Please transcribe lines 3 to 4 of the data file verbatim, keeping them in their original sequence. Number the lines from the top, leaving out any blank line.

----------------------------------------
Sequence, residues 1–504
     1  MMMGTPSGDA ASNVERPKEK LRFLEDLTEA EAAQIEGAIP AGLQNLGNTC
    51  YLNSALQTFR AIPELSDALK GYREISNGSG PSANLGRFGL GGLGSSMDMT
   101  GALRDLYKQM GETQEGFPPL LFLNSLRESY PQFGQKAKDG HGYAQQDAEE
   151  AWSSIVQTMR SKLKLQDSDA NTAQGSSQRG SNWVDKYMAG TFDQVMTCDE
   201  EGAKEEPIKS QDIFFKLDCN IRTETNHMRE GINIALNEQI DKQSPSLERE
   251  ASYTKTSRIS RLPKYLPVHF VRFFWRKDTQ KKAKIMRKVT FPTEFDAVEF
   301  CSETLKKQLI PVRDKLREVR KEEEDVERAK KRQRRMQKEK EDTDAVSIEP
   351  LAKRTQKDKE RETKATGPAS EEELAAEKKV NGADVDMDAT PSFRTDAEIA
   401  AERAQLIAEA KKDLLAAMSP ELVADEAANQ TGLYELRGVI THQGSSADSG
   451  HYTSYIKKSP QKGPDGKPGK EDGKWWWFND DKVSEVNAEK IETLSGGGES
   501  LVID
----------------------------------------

    51  YLNSALQTFR AIPELSDALK GYREISNGSG PSANLGRFGL GGLGSSMDMT
   101  GALRDLYKQM GETQEGFPPL LFLNSLRESY PQFGQKAKDG HGYAQQDAEE